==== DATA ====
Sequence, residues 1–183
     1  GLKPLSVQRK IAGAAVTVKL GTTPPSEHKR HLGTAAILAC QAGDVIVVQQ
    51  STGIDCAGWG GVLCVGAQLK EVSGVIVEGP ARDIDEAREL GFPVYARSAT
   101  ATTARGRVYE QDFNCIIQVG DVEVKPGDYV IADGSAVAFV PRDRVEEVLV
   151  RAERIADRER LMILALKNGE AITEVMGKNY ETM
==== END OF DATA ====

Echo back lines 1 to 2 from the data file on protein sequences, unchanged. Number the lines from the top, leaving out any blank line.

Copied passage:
Sequence, residues 1–183
     1  GLKPLSVQRK IAGAAVTVKL GTTPPSEHKR HLGTAAILAC QAGDVIVVQQ